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Technology and dating abuse

Mirroring the increase in youth accessing and using technology, the number of youth between ages 10 and 17 in 2005 who indicated they had been involved in cyberbullying was twice the number who had reported involvement in 1999-2000.

Sexting is defined in a number of different ways, but is “most commonly used to describe the creation and transmission of sexual images by minors” through technologies such as cell phones and the Internet.

A second study looking at arrest rates for sexting found that in cases of youth-produced sexual images (youth 17 and under) handled by law enforcement, there are often “aggravating” circumstances (e.g., adult involvement or a minor involved in malicious, non-consensual, or abusive behavior) beyond the creation of and dissemination of sexual images.

Initial information gathered from interviews with 56 young adults (aged 18 to 21) who experienced teen dating violence suggests that technology plays an important role in intimate relationships, providing a new space for perpetration of a range of teen dating violence behaviors and influencing the privacy, autonomy, and safety of youth in relationships.

In addition, a number of surveys and heightened media concern has focused on sexting.

Technology can also be used by partners to embarrass their significant others by making it possible for partner to details or their relationship online.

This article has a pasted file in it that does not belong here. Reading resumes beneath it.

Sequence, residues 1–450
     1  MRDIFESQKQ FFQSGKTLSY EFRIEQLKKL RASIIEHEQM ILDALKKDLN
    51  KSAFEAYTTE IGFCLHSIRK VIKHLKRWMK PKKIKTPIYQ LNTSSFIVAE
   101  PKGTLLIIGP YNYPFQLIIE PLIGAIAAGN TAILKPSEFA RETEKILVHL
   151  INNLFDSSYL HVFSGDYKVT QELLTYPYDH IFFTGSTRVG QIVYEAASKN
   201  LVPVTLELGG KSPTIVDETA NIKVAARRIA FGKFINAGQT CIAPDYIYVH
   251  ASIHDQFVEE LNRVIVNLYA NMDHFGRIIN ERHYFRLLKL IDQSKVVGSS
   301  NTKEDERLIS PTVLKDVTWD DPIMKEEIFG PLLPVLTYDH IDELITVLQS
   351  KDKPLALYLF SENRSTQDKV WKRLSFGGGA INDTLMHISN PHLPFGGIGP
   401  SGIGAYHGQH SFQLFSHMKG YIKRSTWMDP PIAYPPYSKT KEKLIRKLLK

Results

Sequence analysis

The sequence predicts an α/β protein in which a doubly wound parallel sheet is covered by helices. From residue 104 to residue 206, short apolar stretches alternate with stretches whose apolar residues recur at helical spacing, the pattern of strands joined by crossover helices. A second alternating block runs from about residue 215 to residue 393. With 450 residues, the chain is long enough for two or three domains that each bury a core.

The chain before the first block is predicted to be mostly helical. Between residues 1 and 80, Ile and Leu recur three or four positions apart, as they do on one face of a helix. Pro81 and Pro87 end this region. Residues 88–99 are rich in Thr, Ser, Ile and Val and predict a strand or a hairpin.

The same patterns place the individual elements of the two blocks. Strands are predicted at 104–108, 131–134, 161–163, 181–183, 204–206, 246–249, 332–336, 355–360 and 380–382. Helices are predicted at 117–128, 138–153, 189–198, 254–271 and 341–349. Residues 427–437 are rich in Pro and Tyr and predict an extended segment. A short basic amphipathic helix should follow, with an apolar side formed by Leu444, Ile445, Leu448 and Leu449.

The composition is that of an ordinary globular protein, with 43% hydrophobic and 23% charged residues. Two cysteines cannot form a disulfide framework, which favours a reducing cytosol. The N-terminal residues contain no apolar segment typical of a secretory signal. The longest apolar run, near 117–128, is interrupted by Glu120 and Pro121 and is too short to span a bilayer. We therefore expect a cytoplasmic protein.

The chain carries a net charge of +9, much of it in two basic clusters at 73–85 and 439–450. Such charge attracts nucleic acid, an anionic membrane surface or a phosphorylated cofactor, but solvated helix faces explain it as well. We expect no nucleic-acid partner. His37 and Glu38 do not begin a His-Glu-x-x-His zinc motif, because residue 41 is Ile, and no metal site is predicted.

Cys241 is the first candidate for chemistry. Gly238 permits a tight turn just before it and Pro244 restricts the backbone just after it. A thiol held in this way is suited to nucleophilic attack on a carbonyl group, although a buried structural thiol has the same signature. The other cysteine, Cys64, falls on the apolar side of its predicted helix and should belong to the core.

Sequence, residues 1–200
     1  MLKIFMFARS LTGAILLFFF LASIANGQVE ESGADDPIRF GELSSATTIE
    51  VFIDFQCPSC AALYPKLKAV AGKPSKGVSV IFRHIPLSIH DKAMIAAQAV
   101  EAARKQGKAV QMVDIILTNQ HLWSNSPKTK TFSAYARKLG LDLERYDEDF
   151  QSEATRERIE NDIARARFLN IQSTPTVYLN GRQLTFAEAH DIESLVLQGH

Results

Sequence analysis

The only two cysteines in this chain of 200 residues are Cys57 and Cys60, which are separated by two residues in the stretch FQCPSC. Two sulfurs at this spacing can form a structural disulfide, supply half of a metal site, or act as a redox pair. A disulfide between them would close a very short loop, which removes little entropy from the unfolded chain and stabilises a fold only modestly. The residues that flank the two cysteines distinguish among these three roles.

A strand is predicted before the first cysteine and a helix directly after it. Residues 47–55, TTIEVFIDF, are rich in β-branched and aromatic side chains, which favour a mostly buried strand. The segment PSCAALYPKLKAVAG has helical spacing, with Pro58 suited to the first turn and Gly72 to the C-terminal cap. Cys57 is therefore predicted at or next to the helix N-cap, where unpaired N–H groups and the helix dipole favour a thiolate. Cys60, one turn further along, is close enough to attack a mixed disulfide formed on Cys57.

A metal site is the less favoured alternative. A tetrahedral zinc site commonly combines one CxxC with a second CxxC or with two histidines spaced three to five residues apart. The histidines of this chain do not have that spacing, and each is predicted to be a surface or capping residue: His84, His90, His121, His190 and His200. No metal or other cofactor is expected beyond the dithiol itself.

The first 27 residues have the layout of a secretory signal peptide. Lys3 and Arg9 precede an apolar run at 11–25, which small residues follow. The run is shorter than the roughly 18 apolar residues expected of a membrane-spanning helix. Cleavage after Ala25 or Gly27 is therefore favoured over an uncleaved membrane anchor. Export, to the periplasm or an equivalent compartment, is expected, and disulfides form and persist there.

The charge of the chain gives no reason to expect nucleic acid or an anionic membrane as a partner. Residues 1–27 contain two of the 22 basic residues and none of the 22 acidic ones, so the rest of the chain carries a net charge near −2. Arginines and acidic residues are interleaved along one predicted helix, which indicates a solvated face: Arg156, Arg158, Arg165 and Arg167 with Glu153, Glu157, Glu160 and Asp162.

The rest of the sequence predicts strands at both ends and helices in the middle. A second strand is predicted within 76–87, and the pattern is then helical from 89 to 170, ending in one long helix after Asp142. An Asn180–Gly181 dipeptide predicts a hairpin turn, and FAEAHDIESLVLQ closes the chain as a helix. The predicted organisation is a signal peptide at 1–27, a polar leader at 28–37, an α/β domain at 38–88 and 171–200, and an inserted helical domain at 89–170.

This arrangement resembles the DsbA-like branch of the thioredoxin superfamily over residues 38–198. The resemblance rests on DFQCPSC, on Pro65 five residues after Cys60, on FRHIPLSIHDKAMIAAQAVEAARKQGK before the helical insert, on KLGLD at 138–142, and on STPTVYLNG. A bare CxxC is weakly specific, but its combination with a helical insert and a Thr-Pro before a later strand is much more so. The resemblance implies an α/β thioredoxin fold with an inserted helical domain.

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Further, the study found that arrests are unlikely in sexting cases when adults are not involved.

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Inconsistencies in prevalence reports are likely to be due to the various measures and methods used to investigate this phenomenon, however; this leads to difficulties when attempting to make accurate comparisons and generalizations.Estimates of the number of youth who have been victims of electronic aggression and cyberbullying vary from 9 to 43 percent, depending on the definition of electronic aggression/cyberbullying used and the time period that youth are reporting about.The relationship between electronic aggression and teen dating violence has not been widely explored.Marriage and family therapist Marty Klein is less concerned about kids sharing intimate photos with their partners than he about how some are misusing those images."Take the sex out of sexting and what you have is a betrayal of trust," Klein said.There is growing concern about electronic aggression—or cyberbullying—defined as any type of harassment or bullying (teasing, telling lies, making fun of someone, making rude or mean comments, spreading rumors, or making threatening or aggressive comments) that occurs through e-mail, a chat room, instant messaging, a website (including blogs), text messaging, and videos or pictures posted on websites or sent through cell phones.